He introduces Beneath to the African heritage through Nigerian cloths and music. George, however, does not see a reason to honor their African heritage. He sees himself as an American first and also feels like it is a waste of time to learn about the African heritage. In the play, both Ruth and Mama try to convince Beneath to be with George because of his wealth. However, for Beneath, it is not the money and the riches that she wants to achieve in life but an understanding of her background and who she truly is.

The fact that Beneath becomes knowledgeable about the African culture boosts her self-esteem. She takes great pride in the African culture, as shown when Ruth comments, “You expect this boy to go out with you with your head all nappy like that?” and Beneath replies, “That’s up to George. If he’s ashamed of his heritage – … I hate assimilation Negroes! … Someone who is willing to give up his own culture and fully immerse himself in the dominant, and in this case oppressive culture!” Beneath always stayed true to her beliefs despite others’ opinions.

Even though it was evident that she would not conform to society’s expectations of African American women and sacrifice her pride or identity, she was not easily convinced. Throughout the play, Beneath displayed a strong-willed nature and never backed down, which had an impact on the entire family. While it is clear that the Younger family is impoverished, Beneath’s personal needs do not take her financial situation into account. She indulges in expensive hobbies without considering the practicality of her guitar lessons and horseback riding, which could have been used for more important purposes.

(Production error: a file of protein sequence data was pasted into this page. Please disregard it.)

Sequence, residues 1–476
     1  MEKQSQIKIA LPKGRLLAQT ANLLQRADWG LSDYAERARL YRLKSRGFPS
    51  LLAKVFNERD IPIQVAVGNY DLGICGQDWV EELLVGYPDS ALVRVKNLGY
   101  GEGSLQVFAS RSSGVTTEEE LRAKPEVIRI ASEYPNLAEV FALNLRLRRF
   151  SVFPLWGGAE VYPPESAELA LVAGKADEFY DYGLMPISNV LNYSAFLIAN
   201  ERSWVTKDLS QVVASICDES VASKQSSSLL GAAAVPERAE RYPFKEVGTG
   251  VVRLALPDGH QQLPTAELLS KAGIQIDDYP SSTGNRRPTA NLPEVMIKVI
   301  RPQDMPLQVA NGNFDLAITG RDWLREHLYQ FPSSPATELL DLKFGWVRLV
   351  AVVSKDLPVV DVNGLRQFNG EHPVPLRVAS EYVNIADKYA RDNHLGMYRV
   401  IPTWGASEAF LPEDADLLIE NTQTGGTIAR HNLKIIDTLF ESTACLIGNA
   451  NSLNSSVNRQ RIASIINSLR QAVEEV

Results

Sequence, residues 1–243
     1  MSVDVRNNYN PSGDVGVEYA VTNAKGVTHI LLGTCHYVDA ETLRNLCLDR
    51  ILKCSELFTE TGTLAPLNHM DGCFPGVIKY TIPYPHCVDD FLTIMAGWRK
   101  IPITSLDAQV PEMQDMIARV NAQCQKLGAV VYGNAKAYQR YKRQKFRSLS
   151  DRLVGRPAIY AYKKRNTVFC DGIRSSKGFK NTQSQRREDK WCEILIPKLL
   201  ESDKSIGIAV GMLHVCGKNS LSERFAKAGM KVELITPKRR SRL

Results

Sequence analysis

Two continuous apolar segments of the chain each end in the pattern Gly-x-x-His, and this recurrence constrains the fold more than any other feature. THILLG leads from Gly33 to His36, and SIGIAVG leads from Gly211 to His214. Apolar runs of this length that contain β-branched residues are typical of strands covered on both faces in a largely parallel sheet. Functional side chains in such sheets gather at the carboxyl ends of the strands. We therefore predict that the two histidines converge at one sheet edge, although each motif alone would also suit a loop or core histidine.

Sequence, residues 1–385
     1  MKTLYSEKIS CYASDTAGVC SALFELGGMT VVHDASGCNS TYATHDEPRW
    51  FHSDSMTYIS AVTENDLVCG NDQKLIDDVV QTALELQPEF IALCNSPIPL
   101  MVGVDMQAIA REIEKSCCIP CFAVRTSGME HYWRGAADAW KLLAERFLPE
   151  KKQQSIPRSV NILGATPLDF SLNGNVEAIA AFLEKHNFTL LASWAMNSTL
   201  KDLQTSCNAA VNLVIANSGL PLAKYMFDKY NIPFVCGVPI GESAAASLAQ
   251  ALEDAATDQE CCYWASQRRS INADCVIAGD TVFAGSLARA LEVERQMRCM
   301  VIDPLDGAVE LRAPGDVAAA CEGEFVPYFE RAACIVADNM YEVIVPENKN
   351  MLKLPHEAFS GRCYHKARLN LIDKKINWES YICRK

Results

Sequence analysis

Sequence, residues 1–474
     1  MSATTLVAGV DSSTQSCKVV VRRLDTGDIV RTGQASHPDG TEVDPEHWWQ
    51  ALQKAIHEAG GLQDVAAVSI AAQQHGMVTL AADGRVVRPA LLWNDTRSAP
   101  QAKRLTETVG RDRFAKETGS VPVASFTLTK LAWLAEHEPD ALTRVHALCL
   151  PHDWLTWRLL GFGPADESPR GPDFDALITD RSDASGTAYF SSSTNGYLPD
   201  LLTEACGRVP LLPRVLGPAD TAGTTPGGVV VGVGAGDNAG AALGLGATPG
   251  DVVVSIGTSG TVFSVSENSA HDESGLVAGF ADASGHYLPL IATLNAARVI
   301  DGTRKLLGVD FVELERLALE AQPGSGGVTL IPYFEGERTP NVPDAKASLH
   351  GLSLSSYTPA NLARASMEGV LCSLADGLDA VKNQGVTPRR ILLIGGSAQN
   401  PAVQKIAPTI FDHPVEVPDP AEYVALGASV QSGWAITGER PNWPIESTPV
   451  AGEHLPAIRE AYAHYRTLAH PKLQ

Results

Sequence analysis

It is evident how self-centered Ruth can be when she announces that she is expecting her second child. Her immediate concern is about her own aspirations of going to Medical School, disregarding the well-being of both herself and the baby. However, Ruth’s self-centeredness is not unique; even Walter Lee displays selfish traits. He grapples with various conflicts that revolve around his identity as a man, including his roles as a father, husband, and provider.

The play demonstrates Walter’s failure in all three roles at some point. In a conversation with Ruth, she confesses to making a five dollar down payment for an abortion. Rather than fulfilling his responsibilities as a husband and supporting his wife’s choice, Walter stays quiet. Mama reminds him that his father didn’t raise him to behave like this and urges him to accept accountability for his actions. This moment effectively showcases Walter’s self-centered conduct as he prioritizes his own wants above everything else.

The play A Raisin in the Sun depicts the importance of success and the lengths people are willing to go to achieve it. Overcoming challenges and obstacles is key to achieving greatness. Both Walter Lee and Beneath demonstrate that one can achieve success without sacrificing pride and dignity, but selfishness will not lead to long-term success. The play also explores the question of what happens to deferred dreams – they do not simply dry up like raisins in the sun, but instead undergo transformations. Lorraine Handlebars illustrates this concept in A Raisin in the Sun.

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Raisin in the sun. (2018, Feb 11). Retrieved from